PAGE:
My problem, I suppose, is that I’m still very much a theorist, a ‘back-room boy’ – I don’t have the experience or skills that you have in social processes, and I probably never will. But what I _can_ do is build a theoretical scheme that shows _why_ those processes are necessary, that they _are_ necessary, and that they _can_ be done – and also _which_ social-processes to use, and when and where and how and why and with whom. (The chapters ‘PA :: Politics of purpose’ and ‘PL :: A Problem of power’ address the underlying issues for what you describe as “wicked problems”, for example.) That’s really what I’m aiming to do here.

    What I’d really like to do is get the thing complete to at least a first draft stage, and then sit down for a day or so to talk it through with you. Which may be possible in the relatively near future, as it looks like I may be coming back to Sydney soon for a few months, on an enterprise-architecture gig. More on that in a future post if it comes off.

  3. Tom G says:

    One more comment, Shawn: up on the ‘Interpreting SEMPER’ page on the Tetradian website, at http://www.tetradian.com/SemperInterpret#action , there’s a brief section that describes suggested processes for each of the 25 SEMPER-5 combinations (the same as in the book). Includes references to when to use (and _not_ use) participative processes such as Open Space, Future Search and your own work in narrative inquiry.

    Hope that makes sense?

  4. Bill Branson says:

    An approach that I like to use for this kind of activity is the Strategic Visioning process by Grove. I feel that much of this material could be adapted to their model much the same way that Dana Bredemeyer did applying his Software Architecture method to it in his workshops and consulting services.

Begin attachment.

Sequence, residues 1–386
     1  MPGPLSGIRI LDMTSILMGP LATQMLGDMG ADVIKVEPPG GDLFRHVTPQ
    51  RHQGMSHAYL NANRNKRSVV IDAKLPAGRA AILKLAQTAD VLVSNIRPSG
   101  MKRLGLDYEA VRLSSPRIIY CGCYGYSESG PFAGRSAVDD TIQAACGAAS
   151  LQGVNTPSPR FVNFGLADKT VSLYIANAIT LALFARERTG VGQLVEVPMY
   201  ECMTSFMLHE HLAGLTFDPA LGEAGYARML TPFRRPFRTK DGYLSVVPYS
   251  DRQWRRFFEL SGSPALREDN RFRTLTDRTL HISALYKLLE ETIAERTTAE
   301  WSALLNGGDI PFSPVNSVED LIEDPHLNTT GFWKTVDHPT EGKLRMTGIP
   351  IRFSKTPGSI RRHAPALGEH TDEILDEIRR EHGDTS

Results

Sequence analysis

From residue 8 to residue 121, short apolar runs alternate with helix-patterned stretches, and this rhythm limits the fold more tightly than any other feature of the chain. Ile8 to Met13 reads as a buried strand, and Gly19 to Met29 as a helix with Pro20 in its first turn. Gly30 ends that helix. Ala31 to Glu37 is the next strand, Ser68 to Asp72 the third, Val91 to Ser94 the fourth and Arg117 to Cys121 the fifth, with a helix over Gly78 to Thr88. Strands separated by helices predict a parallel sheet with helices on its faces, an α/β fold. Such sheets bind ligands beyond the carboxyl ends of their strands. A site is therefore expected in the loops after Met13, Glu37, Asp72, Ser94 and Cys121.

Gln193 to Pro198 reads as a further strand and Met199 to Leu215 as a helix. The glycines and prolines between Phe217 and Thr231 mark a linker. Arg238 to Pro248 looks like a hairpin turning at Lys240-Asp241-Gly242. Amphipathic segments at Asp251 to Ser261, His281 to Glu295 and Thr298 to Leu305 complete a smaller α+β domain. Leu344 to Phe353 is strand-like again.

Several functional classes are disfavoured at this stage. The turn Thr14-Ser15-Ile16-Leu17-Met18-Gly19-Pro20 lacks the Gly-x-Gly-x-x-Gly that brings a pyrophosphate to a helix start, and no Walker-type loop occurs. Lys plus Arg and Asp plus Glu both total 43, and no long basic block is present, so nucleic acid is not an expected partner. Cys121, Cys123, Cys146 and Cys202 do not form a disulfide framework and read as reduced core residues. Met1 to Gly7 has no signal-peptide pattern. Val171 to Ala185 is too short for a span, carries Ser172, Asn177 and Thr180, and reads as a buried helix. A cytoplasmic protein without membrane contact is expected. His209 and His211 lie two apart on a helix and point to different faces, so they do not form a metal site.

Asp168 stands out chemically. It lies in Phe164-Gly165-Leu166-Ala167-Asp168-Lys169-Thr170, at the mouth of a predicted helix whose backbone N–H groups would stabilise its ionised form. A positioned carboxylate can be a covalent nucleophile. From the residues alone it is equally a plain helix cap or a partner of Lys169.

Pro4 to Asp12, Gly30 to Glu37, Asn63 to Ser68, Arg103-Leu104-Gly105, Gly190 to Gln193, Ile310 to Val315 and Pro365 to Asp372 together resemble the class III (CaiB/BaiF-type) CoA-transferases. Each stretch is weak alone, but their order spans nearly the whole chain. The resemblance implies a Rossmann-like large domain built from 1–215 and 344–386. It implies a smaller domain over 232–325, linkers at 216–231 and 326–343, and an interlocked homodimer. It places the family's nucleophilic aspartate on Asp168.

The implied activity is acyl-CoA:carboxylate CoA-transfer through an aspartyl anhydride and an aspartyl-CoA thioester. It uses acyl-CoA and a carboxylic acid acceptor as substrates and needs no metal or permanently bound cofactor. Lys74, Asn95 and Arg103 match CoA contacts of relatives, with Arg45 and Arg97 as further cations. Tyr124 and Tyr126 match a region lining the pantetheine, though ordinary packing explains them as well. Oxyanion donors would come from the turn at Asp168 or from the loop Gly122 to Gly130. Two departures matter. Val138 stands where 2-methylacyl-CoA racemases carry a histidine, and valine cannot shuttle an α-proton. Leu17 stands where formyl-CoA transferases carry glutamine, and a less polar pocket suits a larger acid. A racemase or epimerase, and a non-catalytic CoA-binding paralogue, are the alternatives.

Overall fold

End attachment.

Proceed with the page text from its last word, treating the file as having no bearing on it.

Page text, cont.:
The Grove URL is: http://www.grove.com/learning_center/wkshp_sv.html (for the Strategic Visioning stuff)

    Dana’s URL is: http://www.bredemeyer.com/ (for the basic site)

    Also, I discuss the idea of graphic facilitation and some of this processes in some recent posts that may be of help as well at my website.

    I am very hopeful that the material in this book will be adapted as I feel organizations would benefit a great deal from it. I have had some success using approaches very similar to the ones discussed in the book. However, I like the way the book explains the why behind each section. The approach also seems to be very complete. I get the sense that I won’t walk away with an uneasy feeling that perhaps something major is left out and will come back to haunt me later.

Leave a Reply

Your email address will not be published. Required fields are marked *

*